Wednesday, March 07, 2007

Anchorage Assembly Candidates Weigh In On Knik Arm Bridge At Chamber Of Commerce Forum

Anchorage Assembly candidates appeared at the "Make It Monday" forum hosted by the Anchorage Chamber of Commerce on Monday, March 5th, 2007. Among several issues discussed was whether or not the proposed Knik Arm Bridge should be included on a list of transportation projects for the Anchorage metro area. Full story published on March 6th in the Anchorage Daily News.

It depends on whether the public will have to pay any additional money for the bridge, whether the plan for private investors to pay for much of the project can work, and what kind of impact it would have on property values and on Government Hill, many of the candidates told a few dozen people at the Egan Center.

Still, the question drew a clear line between candidates in the East Anchorage race, where challenger Sheila Selkregg said the project has holes in its long-term funding and would undermine the local tax base, encouraging more people to live in the Valley and work in Anchorage. "We cannot build a bridge that serves the Mat-Su, when in fact it undermines our own property values," Selkregg said.

Her opponent, incumbent Ken Stout, said Anchorage needs a place to grow and that the project should continue moving along the planning process. "I believe the bridge is visionary," he said, adding that bridge supporters should have the chance to see if private investors will come to the table.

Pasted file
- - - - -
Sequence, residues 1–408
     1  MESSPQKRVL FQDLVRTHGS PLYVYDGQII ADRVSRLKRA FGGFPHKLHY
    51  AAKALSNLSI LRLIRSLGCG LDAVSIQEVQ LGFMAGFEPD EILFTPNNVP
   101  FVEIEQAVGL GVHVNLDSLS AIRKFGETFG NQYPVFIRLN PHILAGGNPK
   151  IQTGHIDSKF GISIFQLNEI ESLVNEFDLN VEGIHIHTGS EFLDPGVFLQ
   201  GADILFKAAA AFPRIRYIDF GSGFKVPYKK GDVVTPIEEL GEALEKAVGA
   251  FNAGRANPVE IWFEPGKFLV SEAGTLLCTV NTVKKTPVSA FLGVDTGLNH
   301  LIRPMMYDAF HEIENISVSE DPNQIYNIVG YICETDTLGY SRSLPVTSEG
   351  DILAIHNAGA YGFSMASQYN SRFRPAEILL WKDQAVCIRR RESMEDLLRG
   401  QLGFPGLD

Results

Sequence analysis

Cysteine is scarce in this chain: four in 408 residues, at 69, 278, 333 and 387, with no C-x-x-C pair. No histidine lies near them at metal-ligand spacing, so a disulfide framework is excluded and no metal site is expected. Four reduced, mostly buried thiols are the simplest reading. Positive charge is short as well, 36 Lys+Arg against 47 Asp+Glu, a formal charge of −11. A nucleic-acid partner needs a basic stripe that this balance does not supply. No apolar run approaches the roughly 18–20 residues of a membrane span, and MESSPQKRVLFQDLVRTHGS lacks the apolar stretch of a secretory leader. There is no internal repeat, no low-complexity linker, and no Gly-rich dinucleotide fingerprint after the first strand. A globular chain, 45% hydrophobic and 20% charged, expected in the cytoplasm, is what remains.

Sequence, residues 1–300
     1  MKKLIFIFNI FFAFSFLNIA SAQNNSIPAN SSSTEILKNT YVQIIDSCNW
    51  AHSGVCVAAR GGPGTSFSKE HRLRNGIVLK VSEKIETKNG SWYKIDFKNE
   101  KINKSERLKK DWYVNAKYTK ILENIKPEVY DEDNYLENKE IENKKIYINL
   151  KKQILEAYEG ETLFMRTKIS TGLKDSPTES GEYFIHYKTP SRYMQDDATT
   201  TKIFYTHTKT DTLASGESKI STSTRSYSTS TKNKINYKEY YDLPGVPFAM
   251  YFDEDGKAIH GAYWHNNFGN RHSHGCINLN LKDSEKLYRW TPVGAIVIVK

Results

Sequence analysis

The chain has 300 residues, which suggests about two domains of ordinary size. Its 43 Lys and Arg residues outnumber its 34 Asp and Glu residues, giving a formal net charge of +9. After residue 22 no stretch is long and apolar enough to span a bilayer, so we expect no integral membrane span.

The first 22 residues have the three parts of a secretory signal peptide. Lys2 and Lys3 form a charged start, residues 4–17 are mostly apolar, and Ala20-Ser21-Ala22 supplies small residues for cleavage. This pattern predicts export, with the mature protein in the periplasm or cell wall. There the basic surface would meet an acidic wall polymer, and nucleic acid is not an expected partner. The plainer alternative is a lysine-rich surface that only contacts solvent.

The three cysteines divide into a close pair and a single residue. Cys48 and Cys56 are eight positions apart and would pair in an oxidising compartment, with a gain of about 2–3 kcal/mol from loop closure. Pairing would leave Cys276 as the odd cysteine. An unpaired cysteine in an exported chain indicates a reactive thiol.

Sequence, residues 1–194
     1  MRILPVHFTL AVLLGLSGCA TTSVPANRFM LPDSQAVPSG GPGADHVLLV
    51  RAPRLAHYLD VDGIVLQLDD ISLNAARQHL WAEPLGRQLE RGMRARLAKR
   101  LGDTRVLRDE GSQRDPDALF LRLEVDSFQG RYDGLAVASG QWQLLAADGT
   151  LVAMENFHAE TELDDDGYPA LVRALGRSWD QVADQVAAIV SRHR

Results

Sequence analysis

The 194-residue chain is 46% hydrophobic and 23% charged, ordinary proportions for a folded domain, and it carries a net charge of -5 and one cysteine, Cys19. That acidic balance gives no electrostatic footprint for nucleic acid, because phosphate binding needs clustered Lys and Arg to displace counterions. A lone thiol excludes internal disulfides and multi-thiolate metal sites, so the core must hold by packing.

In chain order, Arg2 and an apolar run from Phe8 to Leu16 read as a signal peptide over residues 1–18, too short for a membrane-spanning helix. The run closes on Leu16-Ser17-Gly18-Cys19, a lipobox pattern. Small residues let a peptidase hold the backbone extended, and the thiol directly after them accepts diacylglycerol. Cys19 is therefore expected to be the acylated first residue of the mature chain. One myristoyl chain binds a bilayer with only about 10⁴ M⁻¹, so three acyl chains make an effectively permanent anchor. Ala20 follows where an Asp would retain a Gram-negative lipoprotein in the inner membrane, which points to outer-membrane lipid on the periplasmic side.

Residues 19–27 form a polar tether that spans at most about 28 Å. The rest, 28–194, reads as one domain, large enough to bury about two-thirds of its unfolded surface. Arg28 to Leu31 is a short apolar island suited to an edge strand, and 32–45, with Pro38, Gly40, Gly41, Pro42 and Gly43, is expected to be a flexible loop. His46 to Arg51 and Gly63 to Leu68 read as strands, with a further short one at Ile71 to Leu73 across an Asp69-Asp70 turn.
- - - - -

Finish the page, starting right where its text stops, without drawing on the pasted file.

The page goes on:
The third East Anchorage Assembly candidate, Libertarian Alex Crawford, did not attend. [Ed. Note: This was a BIG mistake on his part. All this does is continue to promote the marginalization and trivialization of libertarianism. If you're a candidate, you do NOT miss a "flagship" forum like this.]

When asked to raise their hands if they support adding the Knik Arm bridge to the city's long-range transportation plan -- which could help the project gain funding -- Chugiak-Eagle River incumbent Debbie Ossiander, Midtown incumbent Dan Coffey, Midtown challenger Jason Dowell, and Stout indicated that they did.

The event was one of the first candidate forums of the short campaign season. It paired Ossiander with her sole challenger, Jim Byrnes, in the race for Seat A and Coffey with challengers Dowell and Elvi Gray-Jackson.
Ossiander said she is generally supportive of the bridge project as long as certain conditions are met. Byrnes said he opposed the bridge project, saying the plan to pay for it doesn't make sense and that a better option would be light rail -- bringing people into town without their cars.